Chronicle of a Summer
Directed by Jean Rouch & Edgar Morin—1961—90 minutes
(My Doc of the Week series has become more like the Doc of the Fortnight as I prepare the for the indie publication of my book “Documentary 101: A Viewer’s Guide to Non-Fiction Film.” The series is a great way to keep up with newer docs released after the book’s cut-off date of fall 2012 as well as a way to re-visit older docs that are coming back into circulation. Such is the case with this week’s selection and also a good choice as we head into mid-June. Hopefully, I’ll get in a couple of more reviews before a summer hiatus).
At the dawn of the 1960s, the development of more lightweight movie cameras with sync sound allowed for the intimate feeling of real life subjects with minimal intrusion. This would lead to the personalized and spontaneous documentary style that is more the norm nowadays. In America, a resulting style called Direct Cinema launched the careers of DA Pennebaker, Richard Leacock, the Maysle brothers and Robert Drew, whose 1960 film “Primary” was an unprecedented you-are-there look at a Wisconsin primary campaign between Senators Hubert Humphrey and John F. Kennedy. In France in the middle of that same year, ethnographic filmmaker Jean Rouch and sociologist Edgar Morin made the influential “Chronicle of a Summer”, recently restored and given the grand Criterion Collection treatment, with a booklet and a bevy of extras, including a 73-minute look-back piece that includes recent interviews with people involved in the original film, now a half-century older.
Unlike the practitioners of Direct Cinema, who were more strictly observational, Rouch and Morin’s style newly coined “cinema verite” used proactive strategies to get closer to the kind of “film-truth” they were striving for. Rouch, who previously made films on African subjects, developed this new form (dubbed by one scholar as “hometown anthropology”) by starting with the novel but now-familiar technique of ask-the-man-in-the-street. Using a shoulder-mounted 16mm camera and handheld microphone, he and Morin employ two personable female collaborators (Marceline and Nadine) to accost Parisian pedestrians with the simple (but loaded) question “are you happy?” Comical brush-offs soon yield to some touching responses from aged or struggling citizens, pointing up the fertile ground the filmmakers have broken. Soon, Rouch and Morin settle on a group of people for a more in-depth investigation into the human condition at that precise point in time.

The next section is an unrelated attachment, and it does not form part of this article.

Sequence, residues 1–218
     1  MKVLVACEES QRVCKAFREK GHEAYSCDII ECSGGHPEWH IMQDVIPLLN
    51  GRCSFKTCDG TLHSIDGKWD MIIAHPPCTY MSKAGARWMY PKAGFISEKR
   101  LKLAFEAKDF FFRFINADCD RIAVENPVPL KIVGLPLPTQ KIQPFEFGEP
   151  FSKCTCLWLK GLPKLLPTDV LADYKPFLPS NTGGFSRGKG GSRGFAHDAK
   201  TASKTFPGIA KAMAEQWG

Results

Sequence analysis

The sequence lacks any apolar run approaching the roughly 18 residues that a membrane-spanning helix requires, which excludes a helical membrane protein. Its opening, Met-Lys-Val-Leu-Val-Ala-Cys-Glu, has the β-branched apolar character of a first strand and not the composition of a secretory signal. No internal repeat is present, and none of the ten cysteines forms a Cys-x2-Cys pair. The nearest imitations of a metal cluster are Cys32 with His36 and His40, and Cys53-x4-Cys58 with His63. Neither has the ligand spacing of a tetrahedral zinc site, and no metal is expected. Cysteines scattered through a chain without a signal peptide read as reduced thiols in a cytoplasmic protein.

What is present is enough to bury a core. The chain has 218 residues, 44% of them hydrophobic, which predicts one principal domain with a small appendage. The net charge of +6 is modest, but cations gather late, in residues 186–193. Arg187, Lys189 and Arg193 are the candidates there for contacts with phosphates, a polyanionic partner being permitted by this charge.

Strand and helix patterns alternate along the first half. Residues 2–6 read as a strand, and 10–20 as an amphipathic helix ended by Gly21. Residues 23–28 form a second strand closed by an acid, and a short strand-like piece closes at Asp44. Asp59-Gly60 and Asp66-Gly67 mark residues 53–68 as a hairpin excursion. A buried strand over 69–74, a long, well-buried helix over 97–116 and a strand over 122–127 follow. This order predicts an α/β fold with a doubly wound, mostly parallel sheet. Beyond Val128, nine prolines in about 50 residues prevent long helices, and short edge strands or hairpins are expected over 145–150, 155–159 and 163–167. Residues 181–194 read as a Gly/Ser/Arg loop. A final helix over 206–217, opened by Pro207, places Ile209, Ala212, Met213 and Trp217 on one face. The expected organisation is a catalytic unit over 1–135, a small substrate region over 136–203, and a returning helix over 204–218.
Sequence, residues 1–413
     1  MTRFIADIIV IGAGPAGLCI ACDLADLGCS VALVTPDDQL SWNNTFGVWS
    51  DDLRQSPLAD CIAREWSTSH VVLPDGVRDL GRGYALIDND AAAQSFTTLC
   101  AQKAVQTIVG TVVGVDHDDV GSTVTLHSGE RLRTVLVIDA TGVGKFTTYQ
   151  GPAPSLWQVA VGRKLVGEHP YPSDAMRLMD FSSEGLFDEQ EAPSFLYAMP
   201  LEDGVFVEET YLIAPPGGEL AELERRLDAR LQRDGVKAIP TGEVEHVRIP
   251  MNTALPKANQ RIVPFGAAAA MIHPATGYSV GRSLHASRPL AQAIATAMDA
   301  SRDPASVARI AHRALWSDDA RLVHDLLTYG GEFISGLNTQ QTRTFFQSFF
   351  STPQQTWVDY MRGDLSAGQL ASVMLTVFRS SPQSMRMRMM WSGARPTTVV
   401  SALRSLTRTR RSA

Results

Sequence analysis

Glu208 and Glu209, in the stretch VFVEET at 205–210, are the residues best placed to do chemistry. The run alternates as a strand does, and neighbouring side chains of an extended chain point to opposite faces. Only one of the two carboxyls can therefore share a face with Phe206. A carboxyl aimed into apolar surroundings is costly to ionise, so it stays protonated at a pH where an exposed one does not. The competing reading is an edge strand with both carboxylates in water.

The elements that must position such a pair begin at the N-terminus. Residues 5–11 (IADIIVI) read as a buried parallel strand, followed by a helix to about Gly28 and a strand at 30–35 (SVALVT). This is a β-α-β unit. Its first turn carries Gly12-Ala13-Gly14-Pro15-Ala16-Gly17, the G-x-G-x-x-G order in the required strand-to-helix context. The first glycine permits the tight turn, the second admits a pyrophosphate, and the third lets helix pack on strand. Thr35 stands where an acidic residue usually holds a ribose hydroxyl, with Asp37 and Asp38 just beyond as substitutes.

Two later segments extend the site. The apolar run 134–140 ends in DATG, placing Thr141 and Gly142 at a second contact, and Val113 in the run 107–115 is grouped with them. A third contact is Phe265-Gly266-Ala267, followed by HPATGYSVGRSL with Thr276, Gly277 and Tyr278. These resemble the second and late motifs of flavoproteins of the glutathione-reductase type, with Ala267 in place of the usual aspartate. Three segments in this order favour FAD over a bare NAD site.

Francophiles and film history buffs will certainly have a head start in appreciating the charms of a film like “Chronicle of a Summer.” The monochromatic allure of mid-century Paris, viewed through a persistent screen of Gitanes smoke, is the background for these earnest interviews, informal roundtable debates and day-in-the life vignettes. Issues like the ongoing Algerian War, which caused a divisive debate akin to what Americans would soon be experiencing over Vietnam, sharpen the edges of what at its core is an inward-looking concept.
So we get a thoughtful discussion between a Renault factory worker and an African exchange student, the earnest musings of an activist couple easing (perhaps uneasily) towards a middle-class lifestyle and the artsy, garret-dwelling couple who scoff at the nebulous idea of happiness (an “empty word”) or that gross material gain would bring it about (memorably noting that their rich friends “don’t have the books and records we do”). The on-camera near meltdown of a young Italian woman hints at the more voyeuristic bent that such film and TV techniques could slip towards in the future. The general self-consciousness of “Chronicle of a Summer” may not always agree with all viewers all the time. But the general impression, that you can pick someone off the street and, giving them a space in which to express themselves, use that testimony to illuminate our life and times better than any talking-head expert, comes through loud and clear.